Monday, November 24, 2014

Carnegie Hall: a view not usually seen



Carnegie Hall as seen from the stage during a rehearsal—a view not usually seen. As it is, I've sung there many times over the years as a professional singer and choral artist, and it never gets old. Really. It's a thrill from beginning to end to stand on that stage which was not that long ago in danger of being demolished. This last concert was with the San Francisco Symphony which performed Ravel's Daphnis et Chloé and was broadcast live on New York City's classical radio station WQXR. Click on the link here, and you can listen to the archived performance. 

2 comments:

  1. Why, as a young man, did snuggling into Carnegie Hall fill me repeatedly with confidence of occasion, and in the setting's inspiring some of the finest musical expression I would ever hear? Nor does the listener ever turn down an invitation to Carnegie Hall. On Beethoven's 200th birthday, Böhm was conducting Fidelio at the Met, Serkin was playing at Carnegie Hall. I don't know what it felt like uptown, but we were given rarity one can't replace or forget.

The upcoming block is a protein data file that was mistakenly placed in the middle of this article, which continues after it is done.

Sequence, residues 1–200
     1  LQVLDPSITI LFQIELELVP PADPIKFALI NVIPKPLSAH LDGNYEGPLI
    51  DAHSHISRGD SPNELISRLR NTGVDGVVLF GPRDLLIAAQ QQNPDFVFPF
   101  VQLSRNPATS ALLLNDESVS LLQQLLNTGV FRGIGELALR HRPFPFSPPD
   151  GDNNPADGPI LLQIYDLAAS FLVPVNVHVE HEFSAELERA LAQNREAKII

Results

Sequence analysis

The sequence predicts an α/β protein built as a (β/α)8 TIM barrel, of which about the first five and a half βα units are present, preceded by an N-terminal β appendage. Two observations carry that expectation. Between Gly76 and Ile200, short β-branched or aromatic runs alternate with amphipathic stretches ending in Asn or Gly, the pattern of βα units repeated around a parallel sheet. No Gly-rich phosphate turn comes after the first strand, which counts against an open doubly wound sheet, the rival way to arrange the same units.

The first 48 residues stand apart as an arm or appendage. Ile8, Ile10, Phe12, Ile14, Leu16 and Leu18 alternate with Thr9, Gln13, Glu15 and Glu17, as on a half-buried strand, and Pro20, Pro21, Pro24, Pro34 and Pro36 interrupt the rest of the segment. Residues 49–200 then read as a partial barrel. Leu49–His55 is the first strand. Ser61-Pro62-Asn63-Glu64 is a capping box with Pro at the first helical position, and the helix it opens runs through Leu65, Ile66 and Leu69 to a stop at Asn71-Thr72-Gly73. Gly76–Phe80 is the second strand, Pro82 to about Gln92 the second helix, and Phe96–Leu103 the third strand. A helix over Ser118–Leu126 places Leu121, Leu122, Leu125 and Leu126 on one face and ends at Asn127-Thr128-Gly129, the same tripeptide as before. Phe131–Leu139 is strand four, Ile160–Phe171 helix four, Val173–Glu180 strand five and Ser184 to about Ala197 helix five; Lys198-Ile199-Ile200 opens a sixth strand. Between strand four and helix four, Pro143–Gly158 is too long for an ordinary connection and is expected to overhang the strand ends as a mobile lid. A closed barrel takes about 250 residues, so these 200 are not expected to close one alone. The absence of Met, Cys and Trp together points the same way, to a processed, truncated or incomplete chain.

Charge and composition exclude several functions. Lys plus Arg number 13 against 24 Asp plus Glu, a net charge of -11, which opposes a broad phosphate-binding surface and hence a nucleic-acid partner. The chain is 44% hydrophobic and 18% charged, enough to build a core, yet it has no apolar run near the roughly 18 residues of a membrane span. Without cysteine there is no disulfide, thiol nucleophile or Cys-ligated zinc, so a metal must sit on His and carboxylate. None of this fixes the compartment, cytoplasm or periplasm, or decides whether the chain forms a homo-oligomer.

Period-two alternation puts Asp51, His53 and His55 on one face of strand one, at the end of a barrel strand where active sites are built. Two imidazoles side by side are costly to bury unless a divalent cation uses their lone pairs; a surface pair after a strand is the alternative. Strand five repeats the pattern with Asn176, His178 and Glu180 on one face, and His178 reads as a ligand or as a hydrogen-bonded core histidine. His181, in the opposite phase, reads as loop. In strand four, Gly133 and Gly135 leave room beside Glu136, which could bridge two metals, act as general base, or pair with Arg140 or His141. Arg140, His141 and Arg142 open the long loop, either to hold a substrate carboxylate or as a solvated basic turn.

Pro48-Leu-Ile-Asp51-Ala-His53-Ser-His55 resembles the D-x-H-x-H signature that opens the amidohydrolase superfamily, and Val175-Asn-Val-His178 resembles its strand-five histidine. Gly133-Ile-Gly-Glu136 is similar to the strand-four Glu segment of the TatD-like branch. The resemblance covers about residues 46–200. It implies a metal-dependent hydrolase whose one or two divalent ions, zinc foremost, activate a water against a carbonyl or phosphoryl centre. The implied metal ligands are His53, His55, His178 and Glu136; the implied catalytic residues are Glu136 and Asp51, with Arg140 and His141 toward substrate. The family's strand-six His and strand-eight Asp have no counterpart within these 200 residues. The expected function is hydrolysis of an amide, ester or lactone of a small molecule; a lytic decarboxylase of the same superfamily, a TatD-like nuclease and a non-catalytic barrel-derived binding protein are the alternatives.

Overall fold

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    Replies
    1. Thank you for your comment, Laurent. It's a very special place, that's for sure, even if the seats are small for the modern man, being much taller and bigger than those it was designed for.

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